Friday, 18 December 2009
Needless to say the stove is eating through the logs again tonight!
Thursday, 17 December 2009
I woke up this morning to find the first frost on the boat - which I promptly assaulted with a couple of logs! The good folks on NB the Teal told me just how much wood I could expect to get through, and they weren't joking! I've gone through a good half of all the wood in the locker and a bag of logs that I took off my mum's hands has gone, bar one monster log who requires the axe. Or the chainsaw. Or the guillotine...
This morning I visited the village again for some supplies and met my brother Simon who had agreed to come up to cruise with me for a day! We conquered Braunston lock flight and the tunnel - clear blue skies when we went into the tunnel, and snow covering the ground when we came out! I thought we'd taken that well known diversion inside the tunnel and ended up in Narnia. I've taken to renaming most of the places that I come across on the cut for fun, for example Bridge 71A on the Grand Union at Wolverton is Pigeon Bridge (self-explanatory if you ever go under it!).
Narnia Tunnel passed reasonably quickly, then we moored up and got the stove on. I'm having issues with getting the heat down to the other end of the boat, despite the ecofan working perfectly. It doesn't seem to be doing a great deal, but then I haven't run the stove without it on yet. The real heat seems to be very much isolated around the stove, which I can understand, but I've heard too many people tell me that ecofans are the single greatest thing ever invented to assume it's anything other than a case of needing to work out the best way of operating it all.People have told me how good the ecofan is for heating the lower levels of the boat but my feet are cold.
We have heat! Temperature outside is -2c apparently... Temperature inside is acceptable. Except on the floor! Now the race is on to get as near as possible to Milton Keynes in about 3 days... If everyone would like to kindly form ranks and fall on Buckby Lock Flight tomorrow armed with windlasses and real ale, we'll have a ball!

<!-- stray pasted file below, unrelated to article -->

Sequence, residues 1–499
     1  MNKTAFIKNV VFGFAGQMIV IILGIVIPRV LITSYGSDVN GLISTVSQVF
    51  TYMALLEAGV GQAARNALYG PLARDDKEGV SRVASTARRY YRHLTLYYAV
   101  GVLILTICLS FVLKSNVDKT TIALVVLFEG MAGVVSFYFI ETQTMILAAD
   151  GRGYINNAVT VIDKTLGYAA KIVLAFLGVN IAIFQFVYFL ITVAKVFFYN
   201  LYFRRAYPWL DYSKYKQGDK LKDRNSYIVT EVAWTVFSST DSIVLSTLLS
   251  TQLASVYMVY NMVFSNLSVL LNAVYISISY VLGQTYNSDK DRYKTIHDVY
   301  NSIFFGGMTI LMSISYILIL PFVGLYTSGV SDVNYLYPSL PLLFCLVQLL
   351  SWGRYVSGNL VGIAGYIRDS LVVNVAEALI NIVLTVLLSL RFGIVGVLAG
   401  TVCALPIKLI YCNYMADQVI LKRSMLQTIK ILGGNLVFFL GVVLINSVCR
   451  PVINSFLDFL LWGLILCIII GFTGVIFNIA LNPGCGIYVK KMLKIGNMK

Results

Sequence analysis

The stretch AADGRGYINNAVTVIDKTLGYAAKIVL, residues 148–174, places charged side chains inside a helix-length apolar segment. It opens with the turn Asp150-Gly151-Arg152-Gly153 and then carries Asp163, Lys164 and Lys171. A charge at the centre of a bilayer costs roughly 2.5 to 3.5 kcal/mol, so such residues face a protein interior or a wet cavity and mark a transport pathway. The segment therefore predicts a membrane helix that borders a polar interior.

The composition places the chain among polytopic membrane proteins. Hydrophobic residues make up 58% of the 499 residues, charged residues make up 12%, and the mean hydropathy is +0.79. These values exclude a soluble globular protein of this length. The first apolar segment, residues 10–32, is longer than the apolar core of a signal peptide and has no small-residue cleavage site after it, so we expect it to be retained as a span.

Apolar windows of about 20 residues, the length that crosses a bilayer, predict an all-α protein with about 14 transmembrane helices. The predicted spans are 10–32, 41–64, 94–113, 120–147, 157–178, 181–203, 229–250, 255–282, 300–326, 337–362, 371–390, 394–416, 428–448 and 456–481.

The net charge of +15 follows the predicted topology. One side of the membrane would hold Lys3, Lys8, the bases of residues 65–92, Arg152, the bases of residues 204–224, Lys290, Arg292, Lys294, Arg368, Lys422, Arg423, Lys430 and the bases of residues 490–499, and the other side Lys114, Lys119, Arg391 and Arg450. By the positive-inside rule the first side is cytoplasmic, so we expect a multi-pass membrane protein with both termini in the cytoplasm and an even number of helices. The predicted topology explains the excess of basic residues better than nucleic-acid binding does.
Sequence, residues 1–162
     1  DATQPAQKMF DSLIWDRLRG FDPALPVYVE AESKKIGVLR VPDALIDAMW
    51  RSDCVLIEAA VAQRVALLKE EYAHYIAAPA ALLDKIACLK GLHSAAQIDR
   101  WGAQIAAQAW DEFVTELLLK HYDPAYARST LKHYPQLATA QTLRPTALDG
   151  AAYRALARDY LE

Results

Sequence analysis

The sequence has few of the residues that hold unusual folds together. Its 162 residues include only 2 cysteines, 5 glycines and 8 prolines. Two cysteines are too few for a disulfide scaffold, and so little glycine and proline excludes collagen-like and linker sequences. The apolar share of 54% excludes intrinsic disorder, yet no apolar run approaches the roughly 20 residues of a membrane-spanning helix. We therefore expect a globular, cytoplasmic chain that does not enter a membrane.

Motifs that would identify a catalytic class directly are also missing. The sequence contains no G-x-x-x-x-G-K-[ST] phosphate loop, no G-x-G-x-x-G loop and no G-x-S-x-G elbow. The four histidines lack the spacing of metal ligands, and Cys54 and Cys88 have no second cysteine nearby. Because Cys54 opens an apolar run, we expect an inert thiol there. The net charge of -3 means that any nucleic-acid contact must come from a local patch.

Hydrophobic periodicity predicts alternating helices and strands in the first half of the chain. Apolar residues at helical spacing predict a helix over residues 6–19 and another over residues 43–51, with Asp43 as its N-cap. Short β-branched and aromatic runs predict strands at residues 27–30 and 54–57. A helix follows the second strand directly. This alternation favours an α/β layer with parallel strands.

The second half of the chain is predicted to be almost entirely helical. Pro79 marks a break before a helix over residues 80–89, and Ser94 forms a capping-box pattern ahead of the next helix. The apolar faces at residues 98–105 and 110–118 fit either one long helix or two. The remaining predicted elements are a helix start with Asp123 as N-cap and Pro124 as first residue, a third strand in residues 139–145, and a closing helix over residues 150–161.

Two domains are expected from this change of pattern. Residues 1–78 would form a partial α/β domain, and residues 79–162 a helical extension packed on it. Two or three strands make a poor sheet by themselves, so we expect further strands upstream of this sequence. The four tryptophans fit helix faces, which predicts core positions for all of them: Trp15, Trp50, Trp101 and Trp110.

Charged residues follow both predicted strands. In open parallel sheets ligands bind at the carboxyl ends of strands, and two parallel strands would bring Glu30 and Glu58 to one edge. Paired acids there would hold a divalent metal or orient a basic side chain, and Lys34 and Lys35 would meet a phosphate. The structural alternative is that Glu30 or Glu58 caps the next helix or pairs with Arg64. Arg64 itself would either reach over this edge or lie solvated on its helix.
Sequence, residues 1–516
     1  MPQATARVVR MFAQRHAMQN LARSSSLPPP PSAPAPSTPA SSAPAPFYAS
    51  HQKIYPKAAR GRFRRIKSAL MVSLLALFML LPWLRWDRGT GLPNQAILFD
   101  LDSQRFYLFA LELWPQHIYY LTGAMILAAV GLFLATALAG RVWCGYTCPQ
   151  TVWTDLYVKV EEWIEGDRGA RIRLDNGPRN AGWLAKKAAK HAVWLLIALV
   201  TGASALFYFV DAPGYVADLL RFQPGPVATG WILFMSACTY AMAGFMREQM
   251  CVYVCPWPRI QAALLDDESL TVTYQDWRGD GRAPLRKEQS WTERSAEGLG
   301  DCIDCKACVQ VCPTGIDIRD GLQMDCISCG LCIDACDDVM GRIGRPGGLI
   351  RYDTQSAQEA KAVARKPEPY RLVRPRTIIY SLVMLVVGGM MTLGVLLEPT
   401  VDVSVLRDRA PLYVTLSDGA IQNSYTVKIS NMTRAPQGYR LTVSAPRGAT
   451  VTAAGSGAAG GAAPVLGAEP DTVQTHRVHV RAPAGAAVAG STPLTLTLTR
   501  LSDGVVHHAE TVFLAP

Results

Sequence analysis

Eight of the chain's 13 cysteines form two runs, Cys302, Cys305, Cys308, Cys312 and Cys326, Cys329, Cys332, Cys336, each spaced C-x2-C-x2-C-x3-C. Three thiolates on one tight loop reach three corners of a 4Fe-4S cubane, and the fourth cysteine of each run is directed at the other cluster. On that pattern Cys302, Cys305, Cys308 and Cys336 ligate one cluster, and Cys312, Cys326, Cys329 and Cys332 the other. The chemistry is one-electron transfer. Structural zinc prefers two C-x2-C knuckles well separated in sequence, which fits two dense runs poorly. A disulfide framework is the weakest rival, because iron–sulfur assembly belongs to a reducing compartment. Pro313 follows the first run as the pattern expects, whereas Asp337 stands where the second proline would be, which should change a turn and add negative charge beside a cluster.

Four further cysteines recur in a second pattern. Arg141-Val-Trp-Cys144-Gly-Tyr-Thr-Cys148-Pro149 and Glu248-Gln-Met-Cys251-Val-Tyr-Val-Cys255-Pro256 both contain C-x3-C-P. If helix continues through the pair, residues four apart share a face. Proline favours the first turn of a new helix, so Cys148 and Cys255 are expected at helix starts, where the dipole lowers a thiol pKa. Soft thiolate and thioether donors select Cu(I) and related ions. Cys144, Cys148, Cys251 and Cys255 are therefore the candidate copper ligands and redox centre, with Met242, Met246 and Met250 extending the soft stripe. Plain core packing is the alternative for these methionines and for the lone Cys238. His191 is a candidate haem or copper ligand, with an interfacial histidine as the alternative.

Tuesday, 8 December 2009
By the good folks on NB The Teal! They closed the gap between us when I moored up briefly at Bridge 21 to visit The Little Farm Shop there. They said they'd wait for me at Buckby Bottom Lock. So, armed with homegrown spuds, garlic and eggs I boarded again and shot off towards the lock flight!
Wils is a strange creature, I noticed an unfamiliar knocking sound at low revs from the engine today, but this kind of thing seems to be normal for Wils, I checked everything I could think of. Still nothing doing on the speedo... But it still works fine on startup, hmph. Anyway, I arrived at the lock flight and proceeded to climb slowly with - I never got their names! But we had a very enjoyable seven locks together. I'm quite glad I didn't have to tackle that flight on my own actually, all deep (ish) locks, some leaks and some heavy gates. Let's not forget I probably will be doing this flight on my own in about a week's time, who knows...
At Norton Junction, which is practically Ground Zero for Wils, we bought him at Weltonfield Marina, which you can practically see from Norton Junction, up the Leicester Arm - I realised just how far we'd come since we left the Thames at Brentford!
I couldn't resist taking this as The Teal pulled into the lock with Wils!
I'm very close to Braunston now, almost a week early! What to do with six spare days?
Monday, 7 December 2009